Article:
This section is from the book "Cyclopedia Of Architecture, Carpentry, And Building", by James C. et al. Also available from Amazon: Cyclopedia Of Architecture, Carpentry And Building.

Fig. 307.

Fig. 308.

For the pattern for that part of the moulding shown by C D E Q' in plan, and H G 8' 1' in elevation, proceed as follows: At right angles to 1 H in elevation, draw the line T U, upon which place the stretchout of the profile L M, as shown by the figures 1 to 8. At right angles to T U, and through these figures, draw lines, as shown, which intersect with lines of similar numbers drawn at right angles to 1 H from intersections on the miter-line 1' 8' and from intersections against the vertical surface H G. Lines traced through points thus obtained, as shown by V W X Y, will be the pattern for that part of the gable shown in plan by C D E Q' of Fig. 307.

In Fig. 308, on the other hand, the position of the plan is changed, so as to bring the line A Q horizontal. At right angles to B C draw the vertical line C E, on which locate any point, as E. In the same manner, at right angles to C B, draw the vertical line B J indefinitely. From the point E, parallel to B C, draw the line E 8", intersecting the line J B, as shown. Now take the distance from 8" to J in elevation, Fig. 307, and set it off from 8" toward J in FIg. 308. Draw a line from J to E, which will represent the true rake for this portion of the moulding. Now take the various heights shown from 1 to 8 on the line Z Z in elevation in Fig. 307, and place them as shown by Z X in elevation, Fig 308, being careful to place the point 8 of the lineZZ on the line 8" E extended. At right angles to Z z, and from points on same, draw lines, which intersect with lines drawn at right angles to B C from intersections of similar numbers on C Q in plan. A line traced through points thus obtained, as shown by D E in elevation, will be the miter-line on C Q in plan.

From the intersections on the miter-line D E, and parallel to E J, trace lines, which intersect with lines drawn from intersections of similar numbers on A B in plan at right angles to B C. A line traced through points thus obtained, as shown by F J, will be the miter-line or line of joint againsl the pier shwn in plan by B A. Before obtaining the pattern it will be necessary to obtain a true section or profile at right angles to the moulding F D. To do so, proceed as follows; Transfer the given profile L M in elevation in Fig.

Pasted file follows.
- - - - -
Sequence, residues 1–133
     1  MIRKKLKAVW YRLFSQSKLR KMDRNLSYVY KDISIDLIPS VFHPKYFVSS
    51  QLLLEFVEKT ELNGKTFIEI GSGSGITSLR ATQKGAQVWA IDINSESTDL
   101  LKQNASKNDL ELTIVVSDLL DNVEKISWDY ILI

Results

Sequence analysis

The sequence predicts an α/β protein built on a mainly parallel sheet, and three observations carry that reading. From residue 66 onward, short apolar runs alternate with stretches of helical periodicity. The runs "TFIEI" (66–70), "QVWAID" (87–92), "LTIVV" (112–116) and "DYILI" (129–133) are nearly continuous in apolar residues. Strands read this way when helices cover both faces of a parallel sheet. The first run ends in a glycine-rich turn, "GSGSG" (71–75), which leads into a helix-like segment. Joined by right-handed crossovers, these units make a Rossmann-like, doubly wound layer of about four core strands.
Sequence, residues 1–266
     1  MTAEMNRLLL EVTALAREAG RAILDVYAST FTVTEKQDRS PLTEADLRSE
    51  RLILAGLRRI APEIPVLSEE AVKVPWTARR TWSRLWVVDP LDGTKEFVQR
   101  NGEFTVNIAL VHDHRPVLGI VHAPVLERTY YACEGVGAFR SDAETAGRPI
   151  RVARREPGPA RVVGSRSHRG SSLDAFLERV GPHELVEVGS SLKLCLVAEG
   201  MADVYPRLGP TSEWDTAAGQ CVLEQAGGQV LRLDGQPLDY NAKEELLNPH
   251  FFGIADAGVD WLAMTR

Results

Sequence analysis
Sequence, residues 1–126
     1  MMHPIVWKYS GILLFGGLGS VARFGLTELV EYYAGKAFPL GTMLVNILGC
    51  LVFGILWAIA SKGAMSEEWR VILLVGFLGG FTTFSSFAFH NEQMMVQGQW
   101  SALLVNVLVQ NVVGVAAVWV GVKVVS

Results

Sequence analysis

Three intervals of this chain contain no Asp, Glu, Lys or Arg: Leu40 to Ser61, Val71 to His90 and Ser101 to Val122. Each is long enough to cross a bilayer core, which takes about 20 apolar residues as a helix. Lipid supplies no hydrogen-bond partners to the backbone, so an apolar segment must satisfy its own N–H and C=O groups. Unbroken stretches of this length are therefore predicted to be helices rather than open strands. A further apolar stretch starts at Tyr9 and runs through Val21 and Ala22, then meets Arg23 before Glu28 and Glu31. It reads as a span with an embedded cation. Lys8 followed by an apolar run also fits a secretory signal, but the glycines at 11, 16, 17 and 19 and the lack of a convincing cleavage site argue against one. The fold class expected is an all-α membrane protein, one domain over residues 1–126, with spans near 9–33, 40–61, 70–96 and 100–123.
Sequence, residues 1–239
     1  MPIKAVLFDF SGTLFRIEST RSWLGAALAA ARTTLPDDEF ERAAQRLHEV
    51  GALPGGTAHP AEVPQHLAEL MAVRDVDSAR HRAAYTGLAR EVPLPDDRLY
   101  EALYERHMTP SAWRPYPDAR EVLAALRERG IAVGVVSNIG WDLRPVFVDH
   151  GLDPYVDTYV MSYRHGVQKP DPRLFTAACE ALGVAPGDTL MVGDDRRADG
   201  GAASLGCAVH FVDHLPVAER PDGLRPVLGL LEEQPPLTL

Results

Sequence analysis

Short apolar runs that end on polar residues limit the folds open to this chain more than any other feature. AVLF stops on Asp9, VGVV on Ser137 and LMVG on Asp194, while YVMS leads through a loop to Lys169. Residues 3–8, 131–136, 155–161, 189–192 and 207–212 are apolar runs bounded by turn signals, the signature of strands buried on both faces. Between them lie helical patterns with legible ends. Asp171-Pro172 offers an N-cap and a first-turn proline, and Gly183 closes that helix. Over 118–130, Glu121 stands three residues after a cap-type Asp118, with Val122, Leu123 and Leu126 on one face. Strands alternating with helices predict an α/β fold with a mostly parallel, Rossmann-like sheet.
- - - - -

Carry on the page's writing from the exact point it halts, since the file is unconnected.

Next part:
307, with the divisions and figures on same, to a position at right angles to F D of Fig. 308, as shown at L. At right angles to F D, and from the inersections in the profile L, draw lines intersecting those of similar numbers in F D E J. Trace a line through intersections thus obtained, as shown from 1 to 8, thus giving the profile M, or true sections at right angles to F D.

Fig. 309.

For the pattern, proceed as follows: At right angles to F D, draw the line H K, upon which place the stretchout of the profile M, as shown by the figures. At right angles to H K, and through the figures, draw lines, which intersect with those of similar numbers drawn at right angles to F D from points of intersection in the miter-lines D E and J F, as shown. Lines traced through points thus obtained, as shown by N O P R, will be the pattern for the raking moulding shown in plan, Fig. 307, by A B C Q'.

Fig. 310.

Fig. 311.

In Fig. 309 is shown a view of a spire, square in plan, intersecting four gables. In practice, each side A is developed separately in a manner shown in Fig. 310, in which first draw the center line through the center of the gable, as E F. Establish points B and C, from which drawlines to the apex F. At pleasure, establish A D. At right angles to F E, and from B and J, draw the lines B H and J K respectively. For the pattern, take the distances B K K A, and A F, and place them as shown by similar letters on the vertical line B F in Fig. 311. At right angles to B F, and through points B and A, draw lines as shown, making B H and B H1 on the one hand, and A N and A O on the other hand, equal respectively to B H and A N in elevation in Fig. 310. Then, in Fig. 311. draw lines from N to H to K to H1 to O, as shown, which represents the pattern for one side.

Fig. 313.

Fig. 312.

In Fig. 312 is shown a perspective view of a drop B mitering against the face of the bracket C as indicated at A The principles for developing this problem are explained in Fig. 313, and can be applied to similar work no matter what the profiles of the drop or bracket may be. Let A B C D E represent the face or front view of the bracket drop, and F H G I the side of the drop and bracket. Divide one-half of the face, as D C, into equal spaces, as shown by the figures 1 to 7 on either side, from which points draw horizontal lines crossing H G in side v iew and intersecting the face H I of the bracket at points 1' to 7'. In line with H G, draw the Line J K, upon which place the stretchout of the profile B C D, as shown by 1 to 7 to 7 to 1 on J K. At right angles to J K, draw the usual measuring lines as shown which intersect by lines drawn parallel to J K from similarly numbered intersections on HI. Trace a line through the points thus obtained. Then will J K L be the pattern for the return of the drop on the face of the bracket.

In Fig. 314, A shows a raking bracket placed in a gable moulding. When brackets are placed in a vertical position in any raking moulding, they are called "raking" brackets. B represents a raking bracket placed at the center of the gable. The patterns which will be developed for the bracket A are also used for B, the cuts being similar, the only difference being that one-half the width of the bracket in B is formed right and the other half left, the two halves being then joined at the angle as shown.

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